From Island to Island, Part 6

The town of Tarbert, with it’s ferry dwarfing the nearby buildings.

Note: Hey, all! Had these posts written ages ago but wifi difficulties and then hitting the road have gotten in the way! Heading for my second housesitting gig tomorrow. Hope to catch you up on everything this week.

Thursday began with a full breakfast at the hotel. I’ll tell you though, the Hotel Hebrides truly outshone everyone else. The coffee was perfect (we were also able to obtain cream instead of milk – heaven!), all the continental options were nice but the hot breakfast was out of this world. Lots of options. I had an eggs benedict with bacon so perfect (more like our “Canadian bacon) that I’m drooling just telling you about it. For a tiny town, Tarbert was pretty extraordinary. And not just in a culinary way.

You know, now that I stop and think about it, I’m realizing the food and lodging get better and better as we moved from south to north on the islands. I suspect that’s related to the level of remoteness for each place. Barra, at the south tip, feels very far from everything. It’s connected to the rest of the world via those three flights that land on the beach plus a small ferry at the other end of the island. There are just a couple villages and then a scattering of crofters across the hills and seaside cliffs. As you move north, toward Stornoway, there are more people, more villages (even towns!), more transportation options, etc. By the time you get to the northernmost isle of Lewis (and at this point we are just one island away), you’ve basically reached modern civilization. So, the accommodations down south are not fancy. But they feel authentic to the place. And we had a most authentic Sunday afternoon pub experience there, right?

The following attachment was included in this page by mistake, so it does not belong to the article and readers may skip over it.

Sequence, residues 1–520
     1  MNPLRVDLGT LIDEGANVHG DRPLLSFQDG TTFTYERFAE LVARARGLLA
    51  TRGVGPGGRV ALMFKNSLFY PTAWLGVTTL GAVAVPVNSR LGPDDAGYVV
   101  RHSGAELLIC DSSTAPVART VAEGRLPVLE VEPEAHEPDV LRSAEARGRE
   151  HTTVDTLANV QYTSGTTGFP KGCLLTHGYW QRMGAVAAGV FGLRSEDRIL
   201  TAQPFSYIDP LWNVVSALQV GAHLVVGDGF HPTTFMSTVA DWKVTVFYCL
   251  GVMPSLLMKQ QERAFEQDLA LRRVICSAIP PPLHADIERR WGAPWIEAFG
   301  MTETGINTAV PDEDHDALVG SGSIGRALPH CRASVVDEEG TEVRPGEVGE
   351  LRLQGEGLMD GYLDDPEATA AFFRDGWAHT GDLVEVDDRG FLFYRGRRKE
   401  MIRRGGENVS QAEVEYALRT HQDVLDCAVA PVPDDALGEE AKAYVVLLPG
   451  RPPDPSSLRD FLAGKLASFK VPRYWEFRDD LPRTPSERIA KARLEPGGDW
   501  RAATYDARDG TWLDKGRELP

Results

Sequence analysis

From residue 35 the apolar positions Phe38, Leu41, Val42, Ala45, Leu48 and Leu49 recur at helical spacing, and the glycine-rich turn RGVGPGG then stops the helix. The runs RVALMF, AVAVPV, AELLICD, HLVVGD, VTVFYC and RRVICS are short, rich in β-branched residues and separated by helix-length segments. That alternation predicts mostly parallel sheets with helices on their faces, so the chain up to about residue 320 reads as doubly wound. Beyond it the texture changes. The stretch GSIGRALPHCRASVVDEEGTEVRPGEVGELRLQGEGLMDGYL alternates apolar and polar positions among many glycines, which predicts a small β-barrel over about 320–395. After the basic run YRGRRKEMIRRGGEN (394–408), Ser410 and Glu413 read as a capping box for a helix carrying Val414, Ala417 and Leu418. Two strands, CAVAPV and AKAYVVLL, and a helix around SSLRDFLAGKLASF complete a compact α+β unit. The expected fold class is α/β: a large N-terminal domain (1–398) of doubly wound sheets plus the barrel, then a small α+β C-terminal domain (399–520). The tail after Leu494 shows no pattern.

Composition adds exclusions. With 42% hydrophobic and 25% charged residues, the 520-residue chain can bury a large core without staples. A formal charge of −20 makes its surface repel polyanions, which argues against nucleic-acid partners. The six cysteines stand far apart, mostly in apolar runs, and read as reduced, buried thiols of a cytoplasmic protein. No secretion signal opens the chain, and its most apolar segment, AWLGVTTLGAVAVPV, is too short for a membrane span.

After eating, we walked from our hotel just down the street to visit another of the Harris Mill Tweed stores. They had a small loom there, on which someone was to demonstrate, but we were there before the staff. Instead we ran our hands over bolts of beautiful woven cloth. Harris Tweed looks a lot different from what I remember – mostly browns and grays and cream. New colors and designs are springing up all the time. The tweed is certified based on who makes it, how they make it and the amount of quality control that is involved. But the colors and designs can vary. And they do. Beautiful heathered solids these days as well as outrageous checkers and plaids. Great stuff.

They’ll never notice if I just slip one of these bolts of cloth into my backpack, right? Under my jacket? No? Too obvious?

We then took a couple hours to stroll about town at our leisure. We gathered in the early afternoon. Our driver took us out to the nearby, tiny island of Scalpay for what turned out to be (in my opinion) the most beautiful of our hikes. It was also the most challenging. We were headed out to Eilenn Glass lighthouse. Now abandoned to the elements, it served as a lighthouse from the late 1700s until fairly recently. All around the place lie the rubble of stone cottages and fields used by the former operators, administrators and tenants. A small cove granted access to the water. I don’t know how many people lived here, but in its day it must have supported a small village. From our drop off point, the walk hike out to the structure was only about 2 miles. Some steep climbing, yes, but very lovely. The four elements of Hebridean seaside walks were well represented.

A few pics for you. I took A LOT. So here are just my faves.

Green grow the rushes oh… (from a Robert Burns song)

Rock or sheep? Sometimes you just have to wait. If it moves, it’s a sheep.